Restrictive Email Management Policies Creating Hidden Security Risks for Business

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Second part of the Generation Gmail Report by Mimecast reveals that employers must provide flexibility for email users if they are to protect their corporate IP from leaking outside the organisation. This international study investigated how attitudes to work email use are evolving and the differing ways in which employers are managing this core communication channel.

Generation Gmail Management & Email Security Report

Generation Gmail Management & Email Security Report

Email policies need to evolve to reflect the high levels of sophistication amongst email users today and the changing communications landscape within companies.

The report indicates that IT departments are fighting a losing battle in email management when seeking to constrain employees’ behaviour through policy alone. Findings suggest that a new approach is needed in order to empower employees while protecting corporate intellectual property and ensuring the business complies with the relevant regulations.

The research found that information workers want to be able to use email as flexibly in the workplace as they can in their personal lives. When they are unable to work in the way that they want using corporate technology, employees are willing to work around these issues by using their personal email accounts.

The study found that 79 per cent of people send work emails from their personal email accounts, with 1 in 5 saying they do this on a regular basis. Awareness of the email security risks this poses does not seem to prevent this behaviour; 71 per cent of people questioned recognise that there is an additional security risk in sending work documents outside the corporate email environment but 47 per cent still think it is acceptable to send work emails and documents to personal email accounts. The limitations imposed by corporate IT seem to be a major driver for this behaviour with 40 per cent of respondents saying that an unlimited work mailbox would make them less like to use their personal email account for work purposes.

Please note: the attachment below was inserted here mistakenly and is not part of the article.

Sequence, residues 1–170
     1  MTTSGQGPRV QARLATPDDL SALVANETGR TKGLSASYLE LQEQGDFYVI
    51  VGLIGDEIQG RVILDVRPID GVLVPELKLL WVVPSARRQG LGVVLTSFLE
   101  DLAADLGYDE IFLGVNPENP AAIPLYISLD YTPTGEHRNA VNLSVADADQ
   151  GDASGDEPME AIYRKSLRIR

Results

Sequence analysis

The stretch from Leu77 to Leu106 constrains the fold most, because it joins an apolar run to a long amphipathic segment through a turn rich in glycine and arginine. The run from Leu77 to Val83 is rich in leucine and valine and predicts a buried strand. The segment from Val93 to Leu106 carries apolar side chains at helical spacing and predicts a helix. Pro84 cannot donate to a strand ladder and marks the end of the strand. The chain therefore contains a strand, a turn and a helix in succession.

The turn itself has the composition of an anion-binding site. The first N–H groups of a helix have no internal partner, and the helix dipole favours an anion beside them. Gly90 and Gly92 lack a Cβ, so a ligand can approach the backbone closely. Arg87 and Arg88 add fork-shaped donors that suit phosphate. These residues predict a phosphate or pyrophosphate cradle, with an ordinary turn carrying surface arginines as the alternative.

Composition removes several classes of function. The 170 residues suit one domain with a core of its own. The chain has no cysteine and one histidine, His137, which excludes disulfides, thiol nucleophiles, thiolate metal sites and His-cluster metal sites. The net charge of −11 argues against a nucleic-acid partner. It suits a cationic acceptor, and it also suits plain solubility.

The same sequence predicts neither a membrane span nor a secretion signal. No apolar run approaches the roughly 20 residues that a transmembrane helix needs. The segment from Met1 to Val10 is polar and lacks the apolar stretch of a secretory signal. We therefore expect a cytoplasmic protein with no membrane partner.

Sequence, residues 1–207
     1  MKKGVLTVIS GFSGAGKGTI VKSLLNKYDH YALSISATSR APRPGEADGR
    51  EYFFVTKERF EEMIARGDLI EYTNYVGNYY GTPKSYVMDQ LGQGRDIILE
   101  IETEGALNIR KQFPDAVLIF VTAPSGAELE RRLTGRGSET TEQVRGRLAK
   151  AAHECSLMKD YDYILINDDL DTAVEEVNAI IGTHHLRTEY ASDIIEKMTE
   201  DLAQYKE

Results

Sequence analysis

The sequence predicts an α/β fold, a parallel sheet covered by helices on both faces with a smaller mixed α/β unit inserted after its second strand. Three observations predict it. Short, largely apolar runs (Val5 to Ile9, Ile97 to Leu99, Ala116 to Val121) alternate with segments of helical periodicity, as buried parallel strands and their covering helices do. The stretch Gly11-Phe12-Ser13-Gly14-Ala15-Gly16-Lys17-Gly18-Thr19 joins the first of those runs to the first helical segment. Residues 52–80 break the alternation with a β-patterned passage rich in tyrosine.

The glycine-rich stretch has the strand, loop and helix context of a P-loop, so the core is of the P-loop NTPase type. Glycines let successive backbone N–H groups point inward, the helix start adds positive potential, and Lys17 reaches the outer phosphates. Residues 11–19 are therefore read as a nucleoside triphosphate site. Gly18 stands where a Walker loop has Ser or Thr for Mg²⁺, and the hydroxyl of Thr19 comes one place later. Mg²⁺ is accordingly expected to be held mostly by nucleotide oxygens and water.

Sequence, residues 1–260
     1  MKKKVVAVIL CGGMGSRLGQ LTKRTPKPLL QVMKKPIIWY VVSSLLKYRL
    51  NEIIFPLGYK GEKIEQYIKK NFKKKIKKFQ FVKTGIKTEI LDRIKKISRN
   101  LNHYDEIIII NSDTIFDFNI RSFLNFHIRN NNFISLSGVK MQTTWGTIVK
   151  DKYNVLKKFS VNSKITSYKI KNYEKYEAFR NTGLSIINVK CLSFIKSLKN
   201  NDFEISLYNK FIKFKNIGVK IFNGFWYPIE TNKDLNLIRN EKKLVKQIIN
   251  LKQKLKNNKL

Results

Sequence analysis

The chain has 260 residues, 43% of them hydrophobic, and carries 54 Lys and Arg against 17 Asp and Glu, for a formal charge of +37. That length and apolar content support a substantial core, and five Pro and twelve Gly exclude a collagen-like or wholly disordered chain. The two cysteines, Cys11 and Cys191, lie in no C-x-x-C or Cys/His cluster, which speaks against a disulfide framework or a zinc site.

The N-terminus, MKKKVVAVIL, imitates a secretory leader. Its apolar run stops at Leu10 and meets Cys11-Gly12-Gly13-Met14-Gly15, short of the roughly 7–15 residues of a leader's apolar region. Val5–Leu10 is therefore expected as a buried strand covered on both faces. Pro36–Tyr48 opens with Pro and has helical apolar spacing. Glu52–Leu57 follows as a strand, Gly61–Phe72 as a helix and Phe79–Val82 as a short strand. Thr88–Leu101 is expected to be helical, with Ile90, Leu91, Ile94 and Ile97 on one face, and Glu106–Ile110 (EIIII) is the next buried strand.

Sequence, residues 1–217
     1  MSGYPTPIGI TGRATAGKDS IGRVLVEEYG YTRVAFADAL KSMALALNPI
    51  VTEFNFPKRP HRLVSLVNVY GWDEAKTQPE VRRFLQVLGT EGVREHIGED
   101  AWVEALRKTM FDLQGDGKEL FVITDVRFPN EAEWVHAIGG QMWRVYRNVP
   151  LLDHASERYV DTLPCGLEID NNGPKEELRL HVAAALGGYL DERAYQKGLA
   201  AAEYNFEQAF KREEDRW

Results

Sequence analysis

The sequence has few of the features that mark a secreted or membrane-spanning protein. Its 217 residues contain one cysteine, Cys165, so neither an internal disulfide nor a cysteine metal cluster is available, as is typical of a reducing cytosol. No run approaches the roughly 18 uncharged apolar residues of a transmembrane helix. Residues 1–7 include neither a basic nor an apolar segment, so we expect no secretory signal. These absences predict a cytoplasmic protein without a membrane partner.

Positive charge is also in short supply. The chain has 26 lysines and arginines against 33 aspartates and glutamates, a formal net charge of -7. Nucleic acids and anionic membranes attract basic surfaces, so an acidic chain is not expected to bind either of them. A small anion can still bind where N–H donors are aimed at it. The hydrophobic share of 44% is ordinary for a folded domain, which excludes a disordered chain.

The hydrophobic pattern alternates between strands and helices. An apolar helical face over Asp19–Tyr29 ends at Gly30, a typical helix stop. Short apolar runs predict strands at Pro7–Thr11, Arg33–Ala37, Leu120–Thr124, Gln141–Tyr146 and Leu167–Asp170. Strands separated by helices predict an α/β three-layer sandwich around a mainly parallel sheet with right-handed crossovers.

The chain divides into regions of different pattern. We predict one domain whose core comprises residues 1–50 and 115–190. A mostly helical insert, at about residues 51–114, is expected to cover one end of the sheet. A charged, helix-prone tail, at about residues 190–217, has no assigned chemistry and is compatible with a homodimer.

However the research suggests that moving from a ‘controlling’ to an ‘empowering’ environment will not by itself be enough; a technological solution is also needed to ensure compliant email behaviour and reduce the need to ‘work around’ the limitations of corporate email and enable appropriate email management. Email archiving is an essential part of email management as well. Should an original report be misplaced, its recovery is a breeze with properly-managed mail. In a situation where a company experiences high turnover rates, the ability to transfer past emails in a well-organized manner to newbies saves time and money. With this information, new employees can take over right where the previous individual left off.

Peter Bauer, CEO and co-founder of Mimecast, commented; “Email policies need to evolve to reflect the high levels of sophistication amongst email users today and the changing communications landscape within companies. Although individuals are seemingly aware of the risks of sending work documents outside the corporate email environment, this awareness is not translating into safe behaviour. A significant proportion still believes that sending work documents to personal emails is an acceptable practice. Getting employees to care about this risk is only part of the solution; employers must take responsibility for closing this disconnect through a holistic effort encompassing email systems, policy and culture. The most progressive companies will be those whose email systems and policies support the needs of both the business and its employees.”

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Phil Confan & Kirsten Beveridge
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